In addition, the commercial establishment of NIST-traceable gases is dependent on collaboration between Start Printed Page 28564NIST and the specialty gas vendors. There are a limited number of vendors providing the stable, accurate, low and high concentration cylinder gases to NIST to certify as RGMs. Once the RGMs are available, the specialty gas vendors must complete a series of procedures to establish the certainty of their products which adds to the time to achieve wide commercial availability.

As a result, on July 25, 2016 (81 FR 48356), the EPA provided an additional compliance alternative for sources that would otherwise be required to use an HCl CEMS (Option 1). The alternative was provided for a period of 1 year. In the alternative, the HCl CEMS was still required to be installed and operated, but actual compliance with the HCl emissions limit was determined by a three-run stack test. The HCl CEMS still provided a continuous readout of HCl emissions, but because the CEMS was not calibrated with the required NIST-traceable calibration gases, the HCl measurement was not considered to be sufficiently accurate on an absolute basis for compliance. However, it was found to be sufficient to indicate any relative change in HCl emissions occurring subsequent to the compliance test. Therefore, the HCl CEMS under the compliance alternative functioned as a continuous parameter monitoring system (CPMS), as in the case of the particulate matter (PM) CPMS requirement (see 78 FR 10014-10015, 10019-10020, February 12, 2013).

It is the EPA's understanding that the availability of NIST-traceable calibration gases for HCl has not changed since the compliance alternative approval in 2016. Thus, the EPA intends to extend the use of this compliance alternative until such time as the NIST-traceable calibration gases for HCl become readily available.

Under this extension of the compliance alternative, the owner or operator will demonstrate initial compliance by conducting a performance test using Method 321 and will monitor compliance with an operating parameter limit through use of the HCl CEMS operating as a HCl CPMS. For the HCl CPMS, the owner or operator will use the average HCl CPMS indicated output, typically displayed as parts per million by volume (ppmv), wet basis HCl recorded at in-stack oxygen concentration during the HCl performance test to establish the operating limit. To determine continuous compliance with the operating limit, the owner or operator will record the indicated HCl CPMS output data for all periods when the process is operating and use all the HCl CPMS data, except data obtained during times of monitor malfunctions. Thus, continuous compliance with the operating limit will be demonstrated by using all valid hourly average data collected by the HCl CPMS for all operating hours to calculate the arithmetic average operating parameter in units of the operating limit (indicated ppm) on a 30-kiln operating day rolling average basis, updated at the end of each new kiln operating day. An exceedance of the kiln 30-day operating limit would trigger evaluation of the control system operation and resetting the operating limit based on a new correlation with performance testing. For kilns with inline raw mills, performance testing and monitoring HCl to establish the site specific operating limit must be conducted during both raw mill on and raw mill off conditions.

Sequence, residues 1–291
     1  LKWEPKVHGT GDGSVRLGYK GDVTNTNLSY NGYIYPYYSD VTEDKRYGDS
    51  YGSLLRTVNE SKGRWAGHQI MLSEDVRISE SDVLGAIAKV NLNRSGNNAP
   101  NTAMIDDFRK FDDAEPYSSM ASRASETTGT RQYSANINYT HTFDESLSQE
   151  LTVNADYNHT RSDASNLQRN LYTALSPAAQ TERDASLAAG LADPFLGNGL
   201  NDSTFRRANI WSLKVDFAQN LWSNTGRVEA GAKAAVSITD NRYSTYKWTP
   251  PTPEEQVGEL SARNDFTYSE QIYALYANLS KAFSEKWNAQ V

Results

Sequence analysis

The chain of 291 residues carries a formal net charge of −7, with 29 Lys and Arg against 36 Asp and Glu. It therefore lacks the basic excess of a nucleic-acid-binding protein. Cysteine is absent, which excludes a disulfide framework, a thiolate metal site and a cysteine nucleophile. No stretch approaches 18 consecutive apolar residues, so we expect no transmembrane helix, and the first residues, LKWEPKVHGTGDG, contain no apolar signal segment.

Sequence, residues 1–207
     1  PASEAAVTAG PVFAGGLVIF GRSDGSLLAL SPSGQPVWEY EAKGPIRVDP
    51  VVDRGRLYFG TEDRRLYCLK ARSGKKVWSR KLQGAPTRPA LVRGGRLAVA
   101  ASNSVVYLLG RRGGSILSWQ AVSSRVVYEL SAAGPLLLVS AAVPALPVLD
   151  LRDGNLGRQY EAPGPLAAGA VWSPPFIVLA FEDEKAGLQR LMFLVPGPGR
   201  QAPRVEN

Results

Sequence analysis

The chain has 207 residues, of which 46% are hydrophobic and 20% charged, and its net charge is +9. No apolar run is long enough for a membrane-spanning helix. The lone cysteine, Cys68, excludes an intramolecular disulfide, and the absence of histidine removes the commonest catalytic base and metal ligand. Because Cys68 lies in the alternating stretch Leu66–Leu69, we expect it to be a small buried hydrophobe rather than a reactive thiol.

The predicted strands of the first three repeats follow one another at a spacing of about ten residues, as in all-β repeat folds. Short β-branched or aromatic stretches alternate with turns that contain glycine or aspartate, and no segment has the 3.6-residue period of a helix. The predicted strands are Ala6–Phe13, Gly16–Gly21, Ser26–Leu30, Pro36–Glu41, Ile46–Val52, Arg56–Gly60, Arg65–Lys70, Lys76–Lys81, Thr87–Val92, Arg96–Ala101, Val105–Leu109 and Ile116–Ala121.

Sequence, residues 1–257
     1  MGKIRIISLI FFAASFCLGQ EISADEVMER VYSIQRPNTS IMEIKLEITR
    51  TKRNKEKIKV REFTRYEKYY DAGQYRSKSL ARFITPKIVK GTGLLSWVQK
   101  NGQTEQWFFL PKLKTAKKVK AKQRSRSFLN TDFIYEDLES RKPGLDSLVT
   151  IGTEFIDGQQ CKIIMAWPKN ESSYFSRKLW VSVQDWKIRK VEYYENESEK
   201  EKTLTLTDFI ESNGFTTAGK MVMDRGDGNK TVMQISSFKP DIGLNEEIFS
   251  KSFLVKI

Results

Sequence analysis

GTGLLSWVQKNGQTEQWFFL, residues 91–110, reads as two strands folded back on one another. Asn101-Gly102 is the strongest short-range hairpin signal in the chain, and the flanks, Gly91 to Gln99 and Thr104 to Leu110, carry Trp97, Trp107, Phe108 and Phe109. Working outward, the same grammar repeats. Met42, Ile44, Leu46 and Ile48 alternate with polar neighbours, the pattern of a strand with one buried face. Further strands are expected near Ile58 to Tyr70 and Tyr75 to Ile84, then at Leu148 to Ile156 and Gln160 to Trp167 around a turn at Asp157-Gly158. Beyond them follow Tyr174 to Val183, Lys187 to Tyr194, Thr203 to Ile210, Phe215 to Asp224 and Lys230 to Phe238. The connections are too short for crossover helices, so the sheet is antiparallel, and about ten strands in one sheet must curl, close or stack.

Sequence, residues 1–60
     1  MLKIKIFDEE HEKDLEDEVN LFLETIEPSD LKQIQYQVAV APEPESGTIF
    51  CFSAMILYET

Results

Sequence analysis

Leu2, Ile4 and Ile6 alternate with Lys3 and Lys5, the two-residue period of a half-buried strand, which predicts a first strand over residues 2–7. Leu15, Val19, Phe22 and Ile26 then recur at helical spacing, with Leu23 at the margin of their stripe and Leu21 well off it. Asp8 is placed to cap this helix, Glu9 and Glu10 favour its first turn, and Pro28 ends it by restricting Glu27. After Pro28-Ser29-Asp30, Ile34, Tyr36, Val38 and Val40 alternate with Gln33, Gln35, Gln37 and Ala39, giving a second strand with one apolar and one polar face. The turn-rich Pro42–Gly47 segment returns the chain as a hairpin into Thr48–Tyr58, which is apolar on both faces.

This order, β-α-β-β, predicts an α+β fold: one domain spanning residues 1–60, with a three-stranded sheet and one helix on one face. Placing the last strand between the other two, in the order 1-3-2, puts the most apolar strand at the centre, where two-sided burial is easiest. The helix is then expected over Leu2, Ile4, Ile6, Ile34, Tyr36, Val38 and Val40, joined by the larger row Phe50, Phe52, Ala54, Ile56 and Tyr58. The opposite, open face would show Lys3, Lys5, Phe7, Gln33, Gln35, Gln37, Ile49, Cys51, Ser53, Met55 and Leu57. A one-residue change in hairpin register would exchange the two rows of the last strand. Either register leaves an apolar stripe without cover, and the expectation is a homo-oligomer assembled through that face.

As is the case for the PM CPMS requirements (see 40 CFR 63.1349(b)(1)(i)), this alternative for HCl compliance monitoring includes a scaling factor of 75 percent of the emission standard as a benchmark (2.25 ppmv, dry basis at 7-percent oxygen). Sources that choose this option will conduct a Method 321 test to determine compliance with the HCl emissions standard and during this testing will also monitor their HCl CPMS output in indicated ppm to determine where their HCl CPMS output would intersect 75 percent of their allowed HCl emissions, and set their operating level at that ppm output. This scaling procedure alleviates re-testing concerns for sources that operate well below the emission limit and provides greater operational flexibility while assuring continuous compliance with the HCl emission standard. For sources whose Method 321 compliance tests place them at or above 75 percent of the emission standard, their operating limit is determined by the average of three Method 321 test runs (for sources with no inline raw mill) or the time weighted average of six Method 321 test runs (for kilns with inline raw mills). By adopting a scaling factor as well as the use of 30 days of averaged HCl CPMS measurements, the parametric limit in no way imposes a stringency level higher than the level of the HCl emissions standard and will avoid triggering unnecessary retests for many facilities, especially for the lower-emitting sources.

III. Statutory and Executive Order Reviews

Additional information about these statutes and Executive Orders can be found at http://www2.epa.gov/​laws-regulations/​laws-and-executive-orders.

A. Executive Order 12866: Regulatory Planning and Review and Executive Order 13563: Improving Regulation and Regulatory Review

This action is not a significant regulatory action and was, therefore, not submitted to the Office of Management and Budget (OMB) for review.

B. Paperwork Reduction Act (PRA)

This action does not impose any new information collection burden under the PRA. OMB has previously approved the information collection activities contained in the existing regulation (40 CFR part 63, subpart LLL) and has assigned OMB control number 2060-0416. This action does not change the information collection requirements.